The Best of Tall Tales

An Interview with Michael Burns and Akshay Gajria

Akshay and Michael’s love for stories is shot through the heart of every Tall Tales show and workshop.

I’ve always been intrigued by the impact stories have on the world. And when a friend recommended Tall Tales Storytelling as a place where true stories about people are celebrated, I took a chance and attended their show. And what I witnessed there blew me away.

A typical live true storytelling event by Tall Tales is a little like sitting on a rollercoaster ride of emotions.

After each event, you get to personally meet and greet the storytellers and sometimes the characters featured in their stories come alive, quite literally.

As I went back home after the first show, the stories kept playing on loop in my head: the nuances of the storytellers and the way they transformed something mundane into something magical. The avid reader in me wanted to find them in between pages of a book. The good news is that this is possible now. Twenty handpicked stories have been printed and published in The Best of Tall Tales.


I interviewed Tall Tales founder Michael Burns (MB) who curated and edited the books’ stories and Akshay Gajria (AG) the current director of Tall Tales.


RY: The selection of stories in this book promotes the idea that everyone has a story. That’s the Tall Tales tagline of course. But, just to play devil’s advocate for a second, can everyone really be a storyteller?

MB: I love that you asked this. When I give a workshop or host a live show and I say that everyone has a least one great story I can see a few beads of sweat gather on the foreheads of some of the people in the audience because I know they’re thinking: But I can’t possibly tell a story. Am I the only one in the room? My heart goes out to them because they don’t realize their own potential.

If a cheetah were tied up to a post all its life and saw another cheetah run by and you told the tied-up cheetah that it could do that too, it wouldn’t believe you. But not only can the tied-up cheetah run, it was born to run. Human beings survived because of our ability to package information in a special way to make it unforgettable. That packaging is called a story. It’s in our DNA. It’s literally embedded in the alleles of our genetic code. So yes, everyone can not only tell a story, every person was born to be a storyteller.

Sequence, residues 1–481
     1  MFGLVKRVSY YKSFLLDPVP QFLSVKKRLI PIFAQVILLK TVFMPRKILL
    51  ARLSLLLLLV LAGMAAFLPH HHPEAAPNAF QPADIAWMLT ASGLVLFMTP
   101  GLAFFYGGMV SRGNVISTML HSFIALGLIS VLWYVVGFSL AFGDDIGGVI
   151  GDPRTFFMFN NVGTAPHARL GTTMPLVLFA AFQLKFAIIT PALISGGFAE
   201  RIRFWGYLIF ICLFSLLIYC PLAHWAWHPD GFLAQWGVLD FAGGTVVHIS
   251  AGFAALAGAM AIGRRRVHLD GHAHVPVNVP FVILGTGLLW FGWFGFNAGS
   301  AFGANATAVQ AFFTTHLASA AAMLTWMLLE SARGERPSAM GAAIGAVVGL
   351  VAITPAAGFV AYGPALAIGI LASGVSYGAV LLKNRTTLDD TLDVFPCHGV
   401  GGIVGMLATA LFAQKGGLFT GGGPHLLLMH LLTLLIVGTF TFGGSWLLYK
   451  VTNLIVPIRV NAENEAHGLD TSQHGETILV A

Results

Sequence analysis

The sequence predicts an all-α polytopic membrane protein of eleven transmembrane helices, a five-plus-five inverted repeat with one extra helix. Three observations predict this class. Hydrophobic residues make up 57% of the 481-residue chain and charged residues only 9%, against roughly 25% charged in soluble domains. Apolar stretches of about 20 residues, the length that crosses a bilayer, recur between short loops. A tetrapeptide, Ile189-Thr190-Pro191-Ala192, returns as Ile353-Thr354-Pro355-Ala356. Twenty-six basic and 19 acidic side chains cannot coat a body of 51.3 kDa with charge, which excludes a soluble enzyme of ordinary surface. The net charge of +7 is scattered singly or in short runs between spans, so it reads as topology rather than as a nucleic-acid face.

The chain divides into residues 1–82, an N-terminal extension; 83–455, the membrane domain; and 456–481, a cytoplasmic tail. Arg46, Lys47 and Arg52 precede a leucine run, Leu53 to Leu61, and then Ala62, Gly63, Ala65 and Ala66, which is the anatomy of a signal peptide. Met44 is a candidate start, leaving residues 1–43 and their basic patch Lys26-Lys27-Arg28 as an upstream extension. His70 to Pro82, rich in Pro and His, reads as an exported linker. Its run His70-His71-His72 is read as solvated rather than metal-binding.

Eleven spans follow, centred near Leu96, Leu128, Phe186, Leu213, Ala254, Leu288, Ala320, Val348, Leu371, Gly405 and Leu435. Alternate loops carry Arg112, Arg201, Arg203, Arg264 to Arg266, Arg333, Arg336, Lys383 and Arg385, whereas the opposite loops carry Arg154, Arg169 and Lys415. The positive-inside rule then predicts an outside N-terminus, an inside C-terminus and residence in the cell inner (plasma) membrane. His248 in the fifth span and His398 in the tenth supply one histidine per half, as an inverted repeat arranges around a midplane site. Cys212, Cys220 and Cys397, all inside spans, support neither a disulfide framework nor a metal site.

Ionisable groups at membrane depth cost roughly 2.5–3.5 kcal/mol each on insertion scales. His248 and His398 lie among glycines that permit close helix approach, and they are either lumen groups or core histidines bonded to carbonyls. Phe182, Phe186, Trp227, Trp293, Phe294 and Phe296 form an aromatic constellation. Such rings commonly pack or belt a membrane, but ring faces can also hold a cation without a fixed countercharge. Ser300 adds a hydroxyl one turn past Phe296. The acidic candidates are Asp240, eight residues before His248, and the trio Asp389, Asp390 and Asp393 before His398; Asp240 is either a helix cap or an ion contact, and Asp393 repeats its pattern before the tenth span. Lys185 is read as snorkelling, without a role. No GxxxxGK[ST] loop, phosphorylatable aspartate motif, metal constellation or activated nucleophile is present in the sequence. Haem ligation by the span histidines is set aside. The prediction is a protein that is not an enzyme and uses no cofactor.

RY: You are now at the helm of an organization that teaches and promotes storytelling as an art.

When and how did you fall in love with stories?

AG: I was in love with stories from the very beginning — my earliest memories are of me begging my mother to read me the text alongside the picture books that had made their way into our home. But once I started reading, there was no stopping me. Stories helped me grow up; they were there during times of loneliness, there were there when I was at a loss to understand the world. It was a comfort to know that there was someone out there who thought and felt the world similar to the way I did. Books and the authors who wrote them were silent companions, always there when I needed them.

The best part about Tall Tales is I get to meet the storyteller behind the story, and that has been a very rewarding experience.

It’s essentially a slice of urban, changing India where people are finding a way to breathe in a society crowded with expectations, pressures, and confusion. This is Indian life. And it’s glorious in all its chaos.

RY: What were your criteria to select the stories for this particular book?

MB: It’s an impossible task, really, to pick through 250-plus stories and to pick out just 20 great ones. But I had two things in mind in the selection process. I wanted to feature some of our best performers ever, people who were so instrumental in the early days that there might not have been a Tall Tales without them. So names like Gayatri Aptekar, Rohit Nair, and Yogesh Upadhyaya come to mind.

I also wanted to feature stories that show as much of a cross-section of a changing India as possible. I will be the first person to say that one of the faults of Tall Tales is that we don’t have enough of a cross-section. In the future, I want to see more stories in other languages along with more unspoken stories of struggle and triumph across the sometimes tragically invisible corners of Indian society. But, having said that, even in the Tall Tales stories we do have, we have many that paint a picture worth looking at. It’s essentially a slice of urban, changing India where people are finding a way to breathe in a society crowded with expectations, pressures, and confusion. This is Indian life. And it’s glorious in all its chaos.

RY: How did you and Michael meet? What are the lessons that being a part of Tall Tales and then managing it has taught you?

AG: It was the first Tall Tales’ Writer’s Retreat conducted in November 2015. I hadn’t known about Tall Tales or Michael before that. The retreat changed my life (for the better) and Michael told us all at the retreat about the live storytelling shows he does. I was averse to writing non-fiction stories, but I thought I’ll try something new. And I did. With Michael’s meticulous coaching and help, I told my first story at the live show and never looked back.

Tall Tales sort of became a second home after that. People, I found, were more accepting of a person after they heard their story. It was a heartwarming experience and after every show, I’ve been at, my heart has been full of love for us humans.